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How harmful is it to smoke around children? More harmful than most people would ever imagine. Not only are there the more subtle, long-term health risks that come from exposing developing bodies to the toxins in cigarettes, but secondhand smoke also kills children in a very literal sense by causing and/or worsening the respiratory infections and other illnesses that lead to their demise.

Children exposed to cigarette smoke

Children exposed to secondhand smoke and the toxic residues of thirdhand smoke are prone to a number of health problems. Smoking around children causes:

  • Respiratory illnesses
  • Ear infections
  • Impaired lung function
  • Asthma
  • Sudden Infant Death Syndrome (SIDS)
  • Degenerative vision
  • Cognitive deficits & lower IQ
  • Genetic damage & reduced telomere length
  • Reduced life expectancy
  • Increased risk of type-2 diabetes
  • Higher risk of infertility later
  • Increases in cervical & uterine cancer
  • Loss of bone density
  • Increases in depression & mental illness (U.S. Dept. of Health & Human Services, 2006; Szabo, 7-28-2008)

The following information will discuss some of these consequences in greater detail.

Secondhand smoke increases the risk of infection and illness

One thing that few people realize is that cigarette smoke contains compounds that weaken the immune system while inflaming tissue and hindering a person’s ability to fight off infections of all types. Therefore children exposed to secondhand smoke are at higher risk for a variety of illnesses, such as pneumonia, ear infections or lung infections. (Szabo, 11-26-2010) For example, secondhand smoke in the home more than doubles a child’s risk of contracting bacterial meningitis, a dangerous infection that causes inflammation around the brain and spinal cord. (Parents, Aug. 2013, p. 66) Cigarette smoke puts people at such increased risk of bacterial infection that it’s recommended all smokers receive special vaccines to help guard against it.

The consequences of smoking during pregnancy

Smoking is the leading cause of preventable pregnancy complications. (Szabo, 7-28-2008) It is responsible for 20% of cases of low birth weight, 8% of pre-term deliveries, and 5% of prenatal deaths.

Babies exposed to cigarette smoke

Infants exposed to secondhand smoke at home are more prone to a variety of severe childhood illnesses, since smoking increases the rates of infection. Babies who breathe in these toxins are at increased risk for SIDS, asthma, ear infections and other health problems. As a result, smoking causes an estimated 910 infant deaths in the U.S. each year, according to the CDC, or about 5% of all infant deaths. (CDC, 12-14-2007)

Increases in asthma from exposure to secondhand smoke

President Obama once blamed his daughter Malia’s asthma on global warming, yet it’s far more likely his own smoking played a significant role. According to the CDC, “Tobacco smoke is one of the most common asthma triggers.” They further warn that “If you have asthma, it’s important that you avoid exposure to secondhand smoke.” (Robbins, 4-10-2015) Cigarette smoke not only triggers asthma attacks but can worsen the symptoms, which means secondhand smoke exposure sometimes spells the difference between a survivable asthma attack and one that kills a child..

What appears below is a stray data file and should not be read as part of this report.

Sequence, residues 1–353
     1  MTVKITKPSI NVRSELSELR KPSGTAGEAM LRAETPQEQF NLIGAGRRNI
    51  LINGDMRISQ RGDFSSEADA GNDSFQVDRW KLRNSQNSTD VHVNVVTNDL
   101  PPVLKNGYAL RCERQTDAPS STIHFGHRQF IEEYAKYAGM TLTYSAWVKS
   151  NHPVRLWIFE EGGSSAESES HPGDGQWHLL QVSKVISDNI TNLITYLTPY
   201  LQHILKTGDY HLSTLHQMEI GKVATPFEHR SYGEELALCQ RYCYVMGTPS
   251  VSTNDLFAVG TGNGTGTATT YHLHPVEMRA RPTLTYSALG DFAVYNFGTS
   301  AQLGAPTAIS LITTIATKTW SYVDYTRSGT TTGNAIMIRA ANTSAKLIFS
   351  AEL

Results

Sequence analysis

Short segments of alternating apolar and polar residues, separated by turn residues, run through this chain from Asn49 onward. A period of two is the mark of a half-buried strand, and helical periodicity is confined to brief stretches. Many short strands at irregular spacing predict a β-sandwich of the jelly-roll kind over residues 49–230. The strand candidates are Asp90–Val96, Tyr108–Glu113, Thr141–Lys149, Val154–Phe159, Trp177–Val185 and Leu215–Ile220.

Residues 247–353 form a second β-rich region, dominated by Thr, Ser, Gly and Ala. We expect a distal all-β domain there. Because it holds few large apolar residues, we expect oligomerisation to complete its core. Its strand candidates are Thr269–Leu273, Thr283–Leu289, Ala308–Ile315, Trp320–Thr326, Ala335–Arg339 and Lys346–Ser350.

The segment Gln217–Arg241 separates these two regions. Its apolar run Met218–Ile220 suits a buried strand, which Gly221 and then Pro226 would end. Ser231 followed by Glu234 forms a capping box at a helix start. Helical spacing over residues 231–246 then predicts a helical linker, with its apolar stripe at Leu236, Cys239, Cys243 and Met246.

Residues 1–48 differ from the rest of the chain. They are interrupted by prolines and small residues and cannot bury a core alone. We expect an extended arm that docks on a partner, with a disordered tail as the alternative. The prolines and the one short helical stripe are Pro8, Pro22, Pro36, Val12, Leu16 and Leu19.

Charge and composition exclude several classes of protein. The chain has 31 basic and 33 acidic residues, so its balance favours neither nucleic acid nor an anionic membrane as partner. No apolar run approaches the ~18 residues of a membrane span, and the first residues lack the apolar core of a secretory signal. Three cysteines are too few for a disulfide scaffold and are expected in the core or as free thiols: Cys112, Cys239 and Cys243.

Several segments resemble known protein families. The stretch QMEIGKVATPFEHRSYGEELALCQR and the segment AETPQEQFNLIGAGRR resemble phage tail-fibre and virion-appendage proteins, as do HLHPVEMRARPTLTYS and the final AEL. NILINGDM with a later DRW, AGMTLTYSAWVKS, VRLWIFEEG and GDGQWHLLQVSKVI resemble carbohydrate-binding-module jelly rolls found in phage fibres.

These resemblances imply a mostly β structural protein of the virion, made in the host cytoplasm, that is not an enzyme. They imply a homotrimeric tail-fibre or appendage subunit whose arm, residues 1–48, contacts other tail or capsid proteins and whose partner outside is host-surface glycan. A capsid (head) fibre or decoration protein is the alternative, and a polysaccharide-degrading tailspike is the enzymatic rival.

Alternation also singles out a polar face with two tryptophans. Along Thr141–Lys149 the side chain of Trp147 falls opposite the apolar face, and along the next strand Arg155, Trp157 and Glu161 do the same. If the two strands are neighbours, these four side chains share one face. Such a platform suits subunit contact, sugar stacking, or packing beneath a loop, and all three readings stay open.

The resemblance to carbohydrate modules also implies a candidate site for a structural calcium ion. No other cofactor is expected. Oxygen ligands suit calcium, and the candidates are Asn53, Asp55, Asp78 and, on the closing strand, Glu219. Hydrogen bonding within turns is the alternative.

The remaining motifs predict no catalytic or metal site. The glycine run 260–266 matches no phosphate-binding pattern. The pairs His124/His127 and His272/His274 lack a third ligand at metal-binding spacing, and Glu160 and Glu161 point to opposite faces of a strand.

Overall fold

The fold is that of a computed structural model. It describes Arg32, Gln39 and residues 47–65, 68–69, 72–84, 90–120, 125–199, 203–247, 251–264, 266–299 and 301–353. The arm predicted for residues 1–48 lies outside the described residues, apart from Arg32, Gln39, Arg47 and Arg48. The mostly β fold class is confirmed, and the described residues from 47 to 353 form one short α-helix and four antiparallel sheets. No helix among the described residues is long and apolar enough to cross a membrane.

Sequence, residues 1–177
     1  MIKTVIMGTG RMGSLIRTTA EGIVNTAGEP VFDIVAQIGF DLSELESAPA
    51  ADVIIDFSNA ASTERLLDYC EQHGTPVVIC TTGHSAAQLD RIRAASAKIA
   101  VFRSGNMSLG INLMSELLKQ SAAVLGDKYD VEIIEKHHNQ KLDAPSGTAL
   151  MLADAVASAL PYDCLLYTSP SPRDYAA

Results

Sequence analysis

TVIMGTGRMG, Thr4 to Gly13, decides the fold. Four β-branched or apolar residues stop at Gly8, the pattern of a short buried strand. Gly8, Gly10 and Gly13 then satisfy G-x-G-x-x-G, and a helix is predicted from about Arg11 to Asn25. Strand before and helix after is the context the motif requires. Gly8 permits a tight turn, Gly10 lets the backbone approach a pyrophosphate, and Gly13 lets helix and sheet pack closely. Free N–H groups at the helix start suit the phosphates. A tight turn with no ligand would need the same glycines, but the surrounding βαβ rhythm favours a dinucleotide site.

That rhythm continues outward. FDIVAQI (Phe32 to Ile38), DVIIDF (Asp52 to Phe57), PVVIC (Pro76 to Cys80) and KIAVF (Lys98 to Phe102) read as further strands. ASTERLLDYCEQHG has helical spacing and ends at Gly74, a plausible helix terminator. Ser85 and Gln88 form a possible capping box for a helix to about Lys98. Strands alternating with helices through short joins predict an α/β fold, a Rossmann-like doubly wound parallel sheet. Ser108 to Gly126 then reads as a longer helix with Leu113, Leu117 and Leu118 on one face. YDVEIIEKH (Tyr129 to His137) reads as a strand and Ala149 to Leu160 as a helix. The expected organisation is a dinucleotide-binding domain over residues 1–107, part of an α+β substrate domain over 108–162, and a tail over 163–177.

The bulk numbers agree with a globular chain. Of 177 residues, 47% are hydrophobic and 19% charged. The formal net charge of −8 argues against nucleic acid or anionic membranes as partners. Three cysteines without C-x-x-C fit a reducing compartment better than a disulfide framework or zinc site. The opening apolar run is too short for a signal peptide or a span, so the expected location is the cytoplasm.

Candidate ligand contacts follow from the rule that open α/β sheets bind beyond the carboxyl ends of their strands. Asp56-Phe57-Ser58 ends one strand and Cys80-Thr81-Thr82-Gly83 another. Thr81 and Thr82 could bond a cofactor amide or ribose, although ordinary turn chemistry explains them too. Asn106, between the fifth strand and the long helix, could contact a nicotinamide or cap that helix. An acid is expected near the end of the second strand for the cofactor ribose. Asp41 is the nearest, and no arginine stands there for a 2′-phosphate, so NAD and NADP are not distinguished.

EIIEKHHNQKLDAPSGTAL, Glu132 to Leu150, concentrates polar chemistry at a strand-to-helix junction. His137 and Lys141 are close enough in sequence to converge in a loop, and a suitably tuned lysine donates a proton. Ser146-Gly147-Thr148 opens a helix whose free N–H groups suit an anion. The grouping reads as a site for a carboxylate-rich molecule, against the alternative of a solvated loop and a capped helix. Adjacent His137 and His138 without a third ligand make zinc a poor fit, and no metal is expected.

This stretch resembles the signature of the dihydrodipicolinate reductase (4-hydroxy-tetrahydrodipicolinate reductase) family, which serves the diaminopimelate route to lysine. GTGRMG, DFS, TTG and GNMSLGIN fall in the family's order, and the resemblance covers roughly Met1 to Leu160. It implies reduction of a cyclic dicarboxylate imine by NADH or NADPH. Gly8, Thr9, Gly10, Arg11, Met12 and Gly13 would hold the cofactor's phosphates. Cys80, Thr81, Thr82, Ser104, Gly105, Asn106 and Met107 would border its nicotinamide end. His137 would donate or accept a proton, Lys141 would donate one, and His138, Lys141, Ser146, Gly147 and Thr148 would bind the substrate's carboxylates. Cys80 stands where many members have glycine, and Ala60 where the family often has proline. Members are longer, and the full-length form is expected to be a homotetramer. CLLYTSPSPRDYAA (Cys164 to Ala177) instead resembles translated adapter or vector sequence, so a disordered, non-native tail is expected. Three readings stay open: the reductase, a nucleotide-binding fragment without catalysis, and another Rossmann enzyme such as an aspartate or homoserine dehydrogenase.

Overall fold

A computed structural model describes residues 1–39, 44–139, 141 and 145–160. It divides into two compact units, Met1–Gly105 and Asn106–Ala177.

Recent research has also shown that cigarette smoke, just like other toxic exposures, can actually create the disease to begin with. Moreover, researchers at the University of Southern California found that not only does smoking around children affect them directly, but it triggers genetic changes that increase the risk of asthma for their offspring as well, by as much as 2.5 times. (Readers Digest, 7/2005)

Cognitive & neurodevelopmental effects of cigarette smoke

Nicotine smoke suppresses neurogenesis in the brain (Shors, 2009), and thus can lead to cognitive delays and loss of IQ in children.

Mental health problems

Another little known consequence is an increase in anxiety, depression, and other forms of mental illness. Human and animal studies have both shown that smokers have altered levels of dopamine in their brains, which has been tied to anxiety and depression. Secondhand smoke seems to have similar effects. A study that measured secondhand exposure by blood tests of cotinine, a chemical that shows up after breathing in smoke, found that non-smokers who are exposed to cigarette smoke at home or work are more than twice as likely as those not exposed to suffer from major depression. (Elias, 3-5-2009) Thus adults who smoke around children are putting these kids at greater risk for a mood disorder.

Children killed by smokers

It can be deadly for children to be around cigarette smoke. Worldwide, around 165,000 kids are killed each and every year as a direct result of exposure to secondhand smoke. More than two-thirds of these deaths are in Africa and Asia, where health services tend to be lacking. Yet children in the West are hardly immune. “The combination of infectious diseases and tobacco seems to be a deadly combination for children,” says a report in The Lancet that tallied these deaths. (Szabo, 11-26-2010)

In the U.S. these deaths include the thousand or so infants killed from diseases related to secondhand smoke exposure, along with the dozens of older children killed because of asthma attacks, infections, or cancer triggered by the toxins in cigarette smoke. (Smokers also cause hundreds more childhood deaths through the residential home fires they accidentally start.) To put this risk in perspective, smokers are many thousands of times more dangerous and deadly to children than the registered sex offenders everyone seems so worried about, who collectively kill about one child every 3 to 5 years. Big Tobacco, meanwhile, is killings thousands of kids annually in the name of profit.


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